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In Our View: Castle doctrine is no loophole

Missouri’s new self-defense law, the castle doctrine, was supposed to help people protect their homes and loved ones from evil-doers. It wasn’t supposed to become another legal loophole.

In 2007, Missouri passed a castle-doctrine bill, which guarantees Missourians the right to use lethal force in defense of their homes. Missouri law, before the bill’s signing by Gov. Blunt, already allowed for that, however.

The major thing the bill did was remove the “duty of retreat” from law. In other words: A person doesn’t have to attempt escape before responding with lethal force, and simply entering another’s property is grounds for killing in self-defense.

However, that change may have opened up Missouri’s law for abuse.

Adair County Prosecutor Mark Williams is saying the castle doctrine should apply in the case of Jackie Gleason, who fatally shot former boyfriend Rogelio Johnson in May.

Johnson, who was court-ordered to stay away from Gleason, allegedly climbed through a window of her Kirksville home. According to a Missouri State Highway Patrol investigation, Gleason said Johnson’s hands were clasped as if he was in a firing position, but no weapon was ever found.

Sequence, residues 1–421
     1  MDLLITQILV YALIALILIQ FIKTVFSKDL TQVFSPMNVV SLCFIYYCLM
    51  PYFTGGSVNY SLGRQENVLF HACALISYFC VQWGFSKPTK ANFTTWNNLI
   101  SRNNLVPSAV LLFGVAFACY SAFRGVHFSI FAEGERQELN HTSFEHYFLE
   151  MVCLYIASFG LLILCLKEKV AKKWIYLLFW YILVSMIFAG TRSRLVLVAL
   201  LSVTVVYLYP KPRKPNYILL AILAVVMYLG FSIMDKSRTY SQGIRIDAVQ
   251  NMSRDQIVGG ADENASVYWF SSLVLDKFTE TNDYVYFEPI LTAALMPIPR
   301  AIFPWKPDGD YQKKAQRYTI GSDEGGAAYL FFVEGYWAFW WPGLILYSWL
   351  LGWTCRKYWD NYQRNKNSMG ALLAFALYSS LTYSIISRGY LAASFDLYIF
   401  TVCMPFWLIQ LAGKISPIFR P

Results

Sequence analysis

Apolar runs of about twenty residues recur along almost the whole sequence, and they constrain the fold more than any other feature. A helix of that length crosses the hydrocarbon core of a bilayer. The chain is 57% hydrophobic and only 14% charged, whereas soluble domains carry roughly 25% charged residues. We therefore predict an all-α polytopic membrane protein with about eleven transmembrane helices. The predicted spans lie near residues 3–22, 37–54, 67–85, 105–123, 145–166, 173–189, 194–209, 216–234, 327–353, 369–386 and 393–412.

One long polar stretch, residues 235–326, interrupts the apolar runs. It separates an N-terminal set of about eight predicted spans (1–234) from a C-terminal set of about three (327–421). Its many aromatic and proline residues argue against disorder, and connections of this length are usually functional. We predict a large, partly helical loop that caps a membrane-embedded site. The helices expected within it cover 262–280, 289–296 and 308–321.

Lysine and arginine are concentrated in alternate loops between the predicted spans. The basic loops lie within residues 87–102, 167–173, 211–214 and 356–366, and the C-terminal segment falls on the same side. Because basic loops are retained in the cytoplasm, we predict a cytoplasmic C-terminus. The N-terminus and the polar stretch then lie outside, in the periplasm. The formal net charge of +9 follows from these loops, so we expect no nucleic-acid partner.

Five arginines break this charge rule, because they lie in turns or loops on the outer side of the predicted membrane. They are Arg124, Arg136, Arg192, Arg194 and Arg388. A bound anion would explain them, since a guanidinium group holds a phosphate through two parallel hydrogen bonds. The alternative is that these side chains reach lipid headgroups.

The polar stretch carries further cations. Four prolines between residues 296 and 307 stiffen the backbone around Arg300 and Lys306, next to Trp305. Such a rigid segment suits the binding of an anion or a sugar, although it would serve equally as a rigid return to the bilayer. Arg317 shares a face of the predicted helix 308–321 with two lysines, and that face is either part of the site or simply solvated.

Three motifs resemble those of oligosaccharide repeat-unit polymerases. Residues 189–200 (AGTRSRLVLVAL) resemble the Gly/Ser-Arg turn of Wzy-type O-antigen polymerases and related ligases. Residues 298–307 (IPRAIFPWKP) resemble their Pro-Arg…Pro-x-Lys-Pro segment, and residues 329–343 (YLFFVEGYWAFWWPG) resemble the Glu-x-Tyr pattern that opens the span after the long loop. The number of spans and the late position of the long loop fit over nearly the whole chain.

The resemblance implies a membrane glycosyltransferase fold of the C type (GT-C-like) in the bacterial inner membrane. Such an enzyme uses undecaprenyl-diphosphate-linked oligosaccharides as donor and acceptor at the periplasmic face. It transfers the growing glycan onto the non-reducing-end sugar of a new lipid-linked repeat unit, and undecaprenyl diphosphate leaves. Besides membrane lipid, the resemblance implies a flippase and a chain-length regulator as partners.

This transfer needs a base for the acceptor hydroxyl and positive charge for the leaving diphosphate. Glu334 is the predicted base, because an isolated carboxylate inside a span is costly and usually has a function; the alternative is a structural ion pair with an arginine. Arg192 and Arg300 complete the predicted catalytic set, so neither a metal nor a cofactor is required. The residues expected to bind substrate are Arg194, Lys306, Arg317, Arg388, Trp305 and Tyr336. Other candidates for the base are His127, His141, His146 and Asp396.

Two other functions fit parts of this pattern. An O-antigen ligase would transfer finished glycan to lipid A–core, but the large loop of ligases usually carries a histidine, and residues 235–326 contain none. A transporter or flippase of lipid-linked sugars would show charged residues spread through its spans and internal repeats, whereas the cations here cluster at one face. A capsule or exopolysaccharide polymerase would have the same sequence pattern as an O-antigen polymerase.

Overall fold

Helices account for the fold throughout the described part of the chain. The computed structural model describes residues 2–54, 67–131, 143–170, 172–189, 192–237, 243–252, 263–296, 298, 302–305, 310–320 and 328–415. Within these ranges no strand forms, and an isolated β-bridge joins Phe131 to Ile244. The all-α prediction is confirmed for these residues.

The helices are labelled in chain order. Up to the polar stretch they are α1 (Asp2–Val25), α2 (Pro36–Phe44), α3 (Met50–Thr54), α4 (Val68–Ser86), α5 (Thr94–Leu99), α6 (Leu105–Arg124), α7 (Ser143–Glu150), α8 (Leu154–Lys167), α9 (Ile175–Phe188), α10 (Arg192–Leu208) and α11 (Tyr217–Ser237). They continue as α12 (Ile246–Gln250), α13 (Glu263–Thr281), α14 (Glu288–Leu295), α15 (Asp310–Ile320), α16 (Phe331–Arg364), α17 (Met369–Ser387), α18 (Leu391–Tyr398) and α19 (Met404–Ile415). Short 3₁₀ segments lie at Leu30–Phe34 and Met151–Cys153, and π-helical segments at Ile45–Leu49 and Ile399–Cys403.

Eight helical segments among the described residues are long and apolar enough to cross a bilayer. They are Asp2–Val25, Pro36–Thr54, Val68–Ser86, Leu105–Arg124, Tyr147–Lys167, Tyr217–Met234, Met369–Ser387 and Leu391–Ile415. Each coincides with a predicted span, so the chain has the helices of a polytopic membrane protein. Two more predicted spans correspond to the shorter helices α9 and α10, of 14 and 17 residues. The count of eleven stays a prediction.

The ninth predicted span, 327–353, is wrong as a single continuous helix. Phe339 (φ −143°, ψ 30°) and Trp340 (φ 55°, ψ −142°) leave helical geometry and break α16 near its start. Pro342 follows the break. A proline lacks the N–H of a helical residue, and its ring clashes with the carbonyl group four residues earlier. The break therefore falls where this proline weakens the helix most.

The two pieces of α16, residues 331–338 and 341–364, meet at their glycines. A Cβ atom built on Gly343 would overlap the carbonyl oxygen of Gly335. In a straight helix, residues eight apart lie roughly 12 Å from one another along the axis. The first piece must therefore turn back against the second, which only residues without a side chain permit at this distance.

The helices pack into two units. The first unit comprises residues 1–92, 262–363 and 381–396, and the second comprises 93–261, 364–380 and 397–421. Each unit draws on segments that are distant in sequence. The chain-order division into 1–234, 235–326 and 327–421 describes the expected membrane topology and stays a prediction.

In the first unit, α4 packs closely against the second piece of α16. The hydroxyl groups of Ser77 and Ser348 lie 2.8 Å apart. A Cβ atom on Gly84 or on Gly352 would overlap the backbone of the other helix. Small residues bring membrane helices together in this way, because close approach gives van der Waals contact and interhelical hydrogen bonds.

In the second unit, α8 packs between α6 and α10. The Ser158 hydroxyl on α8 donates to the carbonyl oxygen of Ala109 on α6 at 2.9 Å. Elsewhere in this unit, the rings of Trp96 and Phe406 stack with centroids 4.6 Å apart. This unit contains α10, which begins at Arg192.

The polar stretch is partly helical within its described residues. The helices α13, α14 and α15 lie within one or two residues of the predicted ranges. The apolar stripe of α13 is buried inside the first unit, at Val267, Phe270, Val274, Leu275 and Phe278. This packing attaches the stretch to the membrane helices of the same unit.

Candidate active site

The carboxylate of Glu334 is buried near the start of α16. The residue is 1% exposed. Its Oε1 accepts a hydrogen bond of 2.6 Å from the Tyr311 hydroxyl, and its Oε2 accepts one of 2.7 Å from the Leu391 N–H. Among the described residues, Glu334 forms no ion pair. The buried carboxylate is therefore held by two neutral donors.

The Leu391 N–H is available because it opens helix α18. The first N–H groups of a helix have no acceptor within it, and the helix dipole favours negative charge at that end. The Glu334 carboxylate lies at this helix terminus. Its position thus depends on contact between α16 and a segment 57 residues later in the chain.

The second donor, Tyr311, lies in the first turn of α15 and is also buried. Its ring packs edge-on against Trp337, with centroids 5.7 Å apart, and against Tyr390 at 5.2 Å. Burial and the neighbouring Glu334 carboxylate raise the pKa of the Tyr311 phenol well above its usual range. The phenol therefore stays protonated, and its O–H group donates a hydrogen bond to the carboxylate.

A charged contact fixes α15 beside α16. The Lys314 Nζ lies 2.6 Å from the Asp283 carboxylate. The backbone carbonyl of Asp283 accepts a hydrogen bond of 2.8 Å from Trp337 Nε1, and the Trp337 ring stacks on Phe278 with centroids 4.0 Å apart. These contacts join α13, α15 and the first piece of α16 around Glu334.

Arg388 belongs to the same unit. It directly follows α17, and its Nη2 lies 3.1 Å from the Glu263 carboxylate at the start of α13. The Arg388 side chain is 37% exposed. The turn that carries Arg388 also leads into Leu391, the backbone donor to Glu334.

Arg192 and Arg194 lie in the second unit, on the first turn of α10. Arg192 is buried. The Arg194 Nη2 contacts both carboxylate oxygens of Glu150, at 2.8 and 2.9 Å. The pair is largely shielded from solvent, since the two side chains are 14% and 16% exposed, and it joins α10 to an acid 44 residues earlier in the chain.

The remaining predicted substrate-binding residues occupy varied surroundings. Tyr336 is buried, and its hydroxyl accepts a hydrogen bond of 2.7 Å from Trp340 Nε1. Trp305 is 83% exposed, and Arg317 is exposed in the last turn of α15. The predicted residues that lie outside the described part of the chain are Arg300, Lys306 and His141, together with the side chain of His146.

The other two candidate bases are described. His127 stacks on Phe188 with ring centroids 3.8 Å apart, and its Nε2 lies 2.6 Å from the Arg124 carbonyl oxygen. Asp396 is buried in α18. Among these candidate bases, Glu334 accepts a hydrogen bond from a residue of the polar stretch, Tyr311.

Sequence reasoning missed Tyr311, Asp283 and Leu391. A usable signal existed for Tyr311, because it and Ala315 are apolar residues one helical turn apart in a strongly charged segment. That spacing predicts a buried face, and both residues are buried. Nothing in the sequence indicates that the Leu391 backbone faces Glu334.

A coroner’s jury in Adair County ruled that Gleason committed the crime of “death by felony.” Williams has asked the attorney general’s office to determine if charges are warranted.

Missouri’s version of the castle doctrine, which was basically written by the National Rifle Association, was intended for self-defense against burglars and hardened criminals — according to the language used by legislators to justify it.

Now, as it nears its first legal test, it appears it can be twisted to justify other excuses of lethal shooting, or used as a loophole in the law.

When the General Assembly meets in January, a look at the castle doctrine is in order. The law should be used strictly as intended.

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